I remember getting this game as a gift when I was 10 years old. Anything Ghostbusters was all the rage back in the mid-80s and I loved it. After watching the movie at the theater I wanted to be just like Ray Stantz. I even dressed up as a Ghostbuster in 1986 at Halloween. I wanted anything to do with Ghostbusters.

So back to the game. It was published by Milton Bradley in 1986 for 2-4 players. The Real Ghostbusters Game is a re-themed version of Which Witch from 1970.

This was the first 3-D game that I ever played & I did get to put it together myself. I remember being very excited to play this game when I got it all put together. I loved the whole glow-in-the-dark skull that could be dropped through the ghost trap on top of the 3-D building to see if it would set anyone back on the board.

The object of the game is to be the first of one of the Ghostbusters to collect four ghost cards & reach the top of the last building by climbing a set of stairs without getting hit by the skull.

There are four buildings that are divided by walls. Everyone playing the game will start by placing their Ghostbuster on the “X” space inside of Ghostbusters HQ.

When everyone is placed then the first player will roll a 6-sided die. You must move the amount of spaces represented on the die. You are allowed to move one space ahead if you land on a space with another player. In order to move from one area (building) to another you must have a certain amount of ghost cards. In order to get a ghost card you will spin the ghost spinner. There is a 50/50 chance of getting a ghost card. You also have a chance of losing a ghost card, if you have one, or getting a “You’ve been slimed” card.

I recommend keeping one of the “You’ve been slimed” cards as long as you can because you can only have one at a time. These can be used to prevent someone from zapping you or from losing a ghost due to getting hit by a trap or spinning a “lose a ghost” on the spinner.

For example you have to have one ghost to move from Ghostbusters HQ into the Antique Shop, two to move from the Antique Shop into the Street, three to move into the Museum, & a fourth to move up the staircase in the Museum to close the ghost trap sealing in Baron Bones (skull).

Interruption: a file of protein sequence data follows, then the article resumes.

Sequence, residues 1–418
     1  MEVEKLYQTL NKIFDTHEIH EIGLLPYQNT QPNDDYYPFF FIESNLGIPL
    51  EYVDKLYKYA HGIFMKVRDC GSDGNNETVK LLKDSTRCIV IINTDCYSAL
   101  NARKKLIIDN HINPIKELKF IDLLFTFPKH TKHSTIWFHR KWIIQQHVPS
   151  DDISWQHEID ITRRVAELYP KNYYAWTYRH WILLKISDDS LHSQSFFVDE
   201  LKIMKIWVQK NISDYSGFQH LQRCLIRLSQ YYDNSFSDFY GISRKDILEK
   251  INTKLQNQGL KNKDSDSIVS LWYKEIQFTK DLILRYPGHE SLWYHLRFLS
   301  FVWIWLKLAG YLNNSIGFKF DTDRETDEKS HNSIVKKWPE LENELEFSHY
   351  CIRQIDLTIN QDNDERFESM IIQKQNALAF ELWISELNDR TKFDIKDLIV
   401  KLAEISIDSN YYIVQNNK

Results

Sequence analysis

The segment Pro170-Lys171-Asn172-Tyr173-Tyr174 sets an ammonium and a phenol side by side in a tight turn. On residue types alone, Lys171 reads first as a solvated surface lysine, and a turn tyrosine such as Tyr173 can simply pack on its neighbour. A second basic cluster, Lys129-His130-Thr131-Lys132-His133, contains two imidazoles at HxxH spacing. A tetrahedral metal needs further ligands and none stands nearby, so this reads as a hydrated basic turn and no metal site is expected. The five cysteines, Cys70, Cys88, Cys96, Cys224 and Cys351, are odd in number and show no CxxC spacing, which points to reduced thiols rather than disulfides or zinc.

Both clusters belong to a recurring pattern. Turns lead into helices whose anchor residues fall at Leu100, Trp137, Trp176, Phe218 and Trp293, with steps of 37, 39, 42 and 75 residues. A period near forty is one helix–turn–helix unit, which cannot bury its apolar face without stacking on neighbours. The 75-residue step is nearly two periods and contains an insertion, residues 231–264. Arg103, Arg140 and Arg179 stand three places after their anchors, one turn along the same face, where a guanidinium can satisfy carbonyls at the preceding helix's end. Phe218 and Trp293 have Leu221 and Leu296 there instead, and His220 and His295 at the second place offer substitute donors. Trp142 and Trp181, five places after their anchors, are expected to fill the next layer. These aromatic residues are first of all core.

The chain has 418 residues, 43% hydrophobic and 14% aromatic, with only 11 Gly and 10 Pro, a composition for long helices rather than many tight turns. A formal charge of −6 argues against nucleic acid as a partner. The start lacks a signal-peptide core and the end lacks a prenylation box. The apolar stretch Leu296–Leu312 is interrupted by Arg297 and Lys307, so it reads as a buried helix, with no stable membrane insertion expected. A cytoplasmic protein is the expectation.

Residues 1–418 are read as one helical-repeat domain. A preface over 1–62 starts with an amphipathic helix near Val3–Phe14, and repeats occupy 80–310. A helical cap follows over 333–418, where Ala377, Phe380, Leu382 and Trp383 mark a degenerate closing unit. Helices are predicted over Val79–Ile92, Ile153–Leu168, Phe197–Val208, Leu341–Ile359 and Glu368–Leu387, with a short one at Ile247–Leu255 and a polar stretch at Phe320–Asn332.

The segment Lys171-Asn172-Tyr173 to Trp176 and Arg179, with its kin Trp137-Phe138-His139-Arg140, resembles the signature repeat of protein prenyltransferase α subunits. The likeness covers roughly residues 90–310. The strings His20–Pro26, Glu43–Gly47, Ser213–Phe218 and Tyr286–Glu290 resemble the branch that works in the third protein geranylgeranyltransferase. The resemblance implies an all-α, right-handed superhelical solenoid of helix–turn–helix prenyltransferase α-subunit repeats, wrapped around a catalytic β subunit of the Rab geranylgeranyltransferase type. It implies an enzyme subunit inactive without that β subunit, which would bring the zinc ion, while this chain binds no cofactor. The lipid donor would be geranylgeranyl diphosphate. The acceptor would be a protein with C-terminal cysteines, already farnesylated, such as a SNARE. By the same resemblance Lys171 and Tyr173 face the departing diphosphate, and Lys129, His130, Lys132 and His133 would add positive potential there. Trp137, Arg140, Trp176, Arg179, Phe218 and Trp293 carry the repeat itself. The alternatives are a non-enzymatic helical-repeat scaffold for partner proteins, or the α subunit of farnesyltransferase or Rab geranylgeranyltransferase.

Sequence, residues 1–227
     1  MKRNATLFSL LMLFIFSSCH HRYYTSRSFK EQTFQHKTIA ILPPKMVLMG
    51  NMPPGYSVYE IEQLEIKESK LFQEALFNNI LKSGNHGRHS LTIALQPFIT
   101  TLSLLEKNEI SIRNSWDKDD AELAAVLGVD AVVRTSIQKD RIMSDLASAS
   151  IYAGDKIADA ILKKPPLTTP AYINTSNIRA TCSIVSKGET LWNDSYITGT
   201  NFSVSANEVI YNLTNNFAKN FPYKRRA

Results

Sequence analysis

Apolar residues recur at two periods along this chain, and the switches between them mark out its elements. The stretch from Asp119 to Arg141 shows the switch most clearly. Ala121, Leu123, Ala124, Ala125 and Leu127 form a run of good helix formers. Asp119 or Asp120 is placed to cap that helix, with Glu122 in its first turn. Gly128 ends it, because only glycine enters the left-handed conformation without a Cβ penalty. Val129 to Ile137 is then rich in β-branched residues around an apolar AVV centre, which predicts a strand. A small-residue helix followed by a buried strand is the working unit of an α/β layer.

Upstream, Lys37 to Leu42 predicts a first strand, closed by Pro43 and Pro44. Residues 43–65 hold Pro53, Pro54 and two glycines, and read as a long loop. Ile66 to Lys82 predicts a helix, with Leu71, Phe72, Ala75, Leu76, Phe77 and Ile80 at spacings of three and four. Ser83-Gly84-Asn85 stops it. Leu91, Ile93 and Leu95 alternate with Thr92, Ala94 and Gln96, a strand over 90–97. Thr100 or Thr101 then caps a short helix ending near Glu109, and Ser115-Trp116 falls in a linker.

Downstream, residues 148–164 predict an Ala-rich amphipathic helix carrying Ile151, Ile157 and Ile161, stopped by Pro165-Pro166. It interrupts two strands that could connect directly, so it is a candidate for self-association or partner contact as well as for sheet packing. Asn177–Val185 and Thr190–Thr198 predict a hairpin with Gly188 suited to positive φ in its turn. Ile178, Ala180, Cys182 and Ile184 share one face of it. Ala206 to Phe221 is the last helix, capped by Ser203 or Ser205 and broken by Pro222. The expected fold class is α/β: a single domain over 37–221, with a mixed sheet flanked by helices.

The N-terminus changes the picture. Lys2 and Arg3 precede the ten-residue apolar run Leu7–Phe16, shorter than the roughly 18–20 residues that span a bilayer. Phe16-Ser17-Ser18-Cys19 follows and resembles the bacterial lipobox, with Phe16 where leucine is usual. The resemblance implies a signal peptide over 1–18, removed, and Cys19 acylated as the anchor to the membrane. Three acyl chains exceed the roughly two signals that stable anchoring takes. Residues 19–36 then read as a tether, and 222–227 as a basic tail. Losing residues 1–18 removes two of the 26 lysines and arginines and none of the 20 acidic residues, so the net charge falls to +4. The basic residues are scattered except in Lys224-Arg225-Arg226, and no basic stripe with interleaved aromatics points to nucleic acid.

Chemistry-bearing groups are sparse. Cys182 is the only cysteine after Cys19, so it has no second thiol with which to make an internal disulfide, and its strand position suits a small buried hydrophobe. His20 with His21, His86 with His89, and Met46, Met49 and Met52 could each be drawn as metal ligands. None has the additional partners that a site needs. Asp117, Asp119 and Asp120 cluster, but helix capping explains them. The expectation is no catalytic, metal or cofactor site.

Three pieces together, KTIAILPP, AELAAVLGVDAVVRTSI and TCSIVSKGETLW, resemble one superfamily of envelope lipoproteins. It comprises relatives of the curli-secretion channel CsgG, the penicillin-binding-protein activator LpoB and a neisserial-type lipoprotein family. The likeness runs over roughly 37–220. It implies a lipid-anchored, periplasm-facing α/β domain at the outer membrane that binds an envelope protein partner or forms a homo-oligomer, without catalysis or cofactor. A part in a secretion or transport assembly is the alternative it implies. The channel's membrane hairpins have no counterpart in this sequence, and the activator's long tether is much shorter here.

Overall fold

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In each area of the board there are marked spaces that let you spin the ghost spinner, zap spaces on the board let you steal a ghost from an opponent unless you have your limit of four or they have none. The third being the danger space where if you are on & Baron Bones activates a trap on top of you this will move you back to the “X” starting space of that area & take a ghost card from you. Then finally a fourth “secret” space will let you sneak into the Museum from the street if Baron Bones opens the secret passage falling into the basket attached to the outside wall of the museum.

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To summarize you will roll, move your character, spin the ghost spinner to see what happens, drop Baron Bones to trigger a trap, & then end your turn. So it is pretty simple as a game. Well, unless you keep getting zapped by an opponent, or you keep losing cards due to bad spinning on the ghost spinner.

This is a fairly simple game. There is a little strategy in grabbing enough ghosts to move ahead of your opponents. Anyone from age 8 & up would be able to understand how it would work. I loved them game as a kid & I still like it. Ghostbusters are still relevant today & suspect they will be in another 30 years.

This game will forever live on in my collection. Keep busting ghosts & Game On!

-Christopher Richter
Twitter: @Boardgaming_FTW

http://www.Geekspodcast.com

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